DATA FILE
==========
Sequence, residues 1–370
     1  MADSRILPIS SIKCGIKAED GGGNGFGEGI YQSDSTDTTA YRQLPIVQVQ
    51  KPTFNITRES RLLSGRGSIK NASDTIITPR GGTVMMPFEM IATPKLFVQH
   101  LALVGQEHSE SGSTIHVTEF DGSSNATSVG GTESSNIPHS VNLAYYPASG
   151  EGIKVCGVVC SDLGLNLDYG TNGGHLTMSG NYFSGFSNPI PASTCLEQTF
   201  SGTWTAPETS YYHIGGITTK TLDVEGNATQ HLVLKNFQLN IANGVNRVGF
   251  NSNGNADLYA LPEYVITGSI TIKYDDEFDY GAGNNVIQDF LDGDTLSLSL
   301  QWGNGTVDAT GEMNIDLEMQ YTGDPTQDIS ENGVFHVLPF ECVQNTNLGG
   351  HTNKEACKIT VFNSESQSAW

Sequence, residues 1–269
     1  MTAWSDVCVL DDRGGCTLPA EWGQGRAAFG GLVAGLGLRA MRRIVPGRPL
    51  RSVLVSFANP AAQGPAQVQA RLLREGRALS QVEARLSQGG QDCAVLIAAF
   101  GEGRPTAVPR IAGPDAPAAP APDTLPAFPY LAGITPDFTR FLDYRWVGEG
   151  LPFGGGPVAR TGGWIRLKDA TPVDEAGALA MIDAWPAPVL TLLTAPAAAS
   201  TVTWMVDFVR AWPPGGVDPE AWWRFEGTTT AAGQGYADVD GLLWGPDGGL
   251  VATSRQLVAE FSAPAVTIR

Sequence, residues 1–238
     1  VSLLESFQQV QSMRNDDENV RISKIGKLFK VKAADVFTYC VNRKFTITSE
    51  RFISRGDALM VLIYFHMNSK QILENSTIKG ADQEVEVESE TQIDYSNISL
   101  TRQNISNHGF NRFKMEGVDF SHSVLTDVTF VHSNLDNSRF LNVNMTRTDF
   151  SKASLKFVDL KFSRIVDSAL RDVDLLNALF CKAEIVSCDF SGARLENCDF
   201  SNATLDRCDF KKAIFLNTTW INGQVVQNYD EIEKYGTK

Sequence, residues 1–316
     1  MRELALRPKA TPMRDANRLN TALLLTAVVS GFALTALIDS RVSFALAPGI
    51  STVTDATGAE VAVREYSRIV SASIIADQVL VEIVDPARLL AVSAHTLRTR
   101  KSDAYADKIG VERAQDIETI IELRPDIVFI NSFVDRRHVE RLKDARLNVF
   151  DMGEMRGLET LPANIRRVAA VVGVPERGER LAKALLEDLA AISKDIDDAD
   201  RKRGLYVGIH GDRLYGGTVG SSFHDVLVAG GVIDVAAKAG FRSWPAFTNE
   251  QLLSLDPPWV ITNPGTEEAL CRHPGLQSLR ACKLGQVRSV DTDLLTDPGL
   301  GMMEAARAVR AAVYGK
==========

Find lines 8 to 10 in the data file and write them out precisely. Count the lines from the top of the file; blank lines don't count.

   301  QWGNGTVDAT GEMNIDLEMQ YTGDPTQDIS ENGVFHVLPF ECVQNTNLGG
   351  HTNKEACKIT VFNSESQSAW

Sequence, residues 1–269